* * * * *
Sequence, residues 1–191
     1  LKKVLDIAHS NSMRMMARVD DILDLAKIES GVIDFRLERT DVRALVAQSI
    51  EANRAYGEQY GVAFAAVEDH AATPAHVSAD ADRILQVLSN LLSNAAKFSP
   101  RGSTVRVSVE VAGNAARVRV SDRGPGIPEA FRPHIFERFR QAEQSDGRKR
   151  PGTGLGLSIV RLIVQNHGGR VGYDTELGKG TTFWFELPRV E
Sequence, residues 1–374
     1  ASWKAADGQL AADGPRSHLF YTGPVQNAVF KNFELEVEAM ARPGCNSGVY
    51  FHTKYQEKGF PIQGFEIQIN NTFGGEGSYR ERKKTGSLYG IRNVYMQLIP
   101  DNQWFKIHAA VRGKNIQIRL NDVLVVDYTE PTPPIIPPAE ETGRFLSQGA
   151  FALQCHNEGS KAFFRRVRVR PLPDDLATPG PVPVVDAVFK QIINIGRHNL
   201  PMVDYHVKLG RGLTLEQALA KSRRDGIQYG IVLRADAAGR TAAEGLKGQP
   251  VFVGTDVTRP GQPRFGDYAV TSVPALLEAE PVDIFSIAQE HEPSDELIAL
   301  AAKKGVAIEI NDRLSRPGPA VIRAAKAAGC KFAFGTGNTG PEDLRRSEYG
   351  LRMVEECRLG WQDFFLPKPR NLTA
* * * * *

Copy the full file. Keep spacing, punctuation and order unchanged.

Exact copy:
Sequence, residues 1–191
     1  LKKVLDIAHS NSMRMMARVD DILDLAKIES GVIDFRLERT DVRALVAQSI
    51  EANRAYGEQY GVAFAAVEDH AATPAHVSAD ADRILQVLSN LLSNAAKFSP
   101  RGSTVRVSVE VAGNAARVRV SDRGPGIPEA FRPHIFERFR QAEQSDGRKR
   151  PGTGLGLSIV RLIVQNHGGR VGYDTELGKG TTFWFELPRV E
Sequence, residues 1–374
     1  ASWKAADGQL AADGPRSHLF YTGPVQNAVF KNFELEVEAM ARPGCNSGVY
    51  FHTKYQEKGF PIQGFEIQIN NTFGGEGSYR ERKKTGSLYG IRNVYMQLIP
   101  DNQWFKIHAA VRGKNIQIRL NDVLVVDYTE PTPPIIPPAE ETGRFLSQGA
   151  FALQCHNEGS KAFFRRVRVR PLPDDLATPG PVPVVDAVFK QIINIGRHNL
   201  PMVDYHVKLG RGLTLEQALA KSRRDGIQYG IVLRADAAGR TAAEGLKGQP
   251  VFVGTDVTRP GQPRFGDYAV TSVPALLEAE PVDIFSIAQE HEPSDELIAL
   301  AAKKGVAIEI NDRLSRPGPA VIRAAKAAGC KFAFGTGNTG PEDLRRSEYG
   351  LRMVEECRLG WQDFFLPKPR NLTA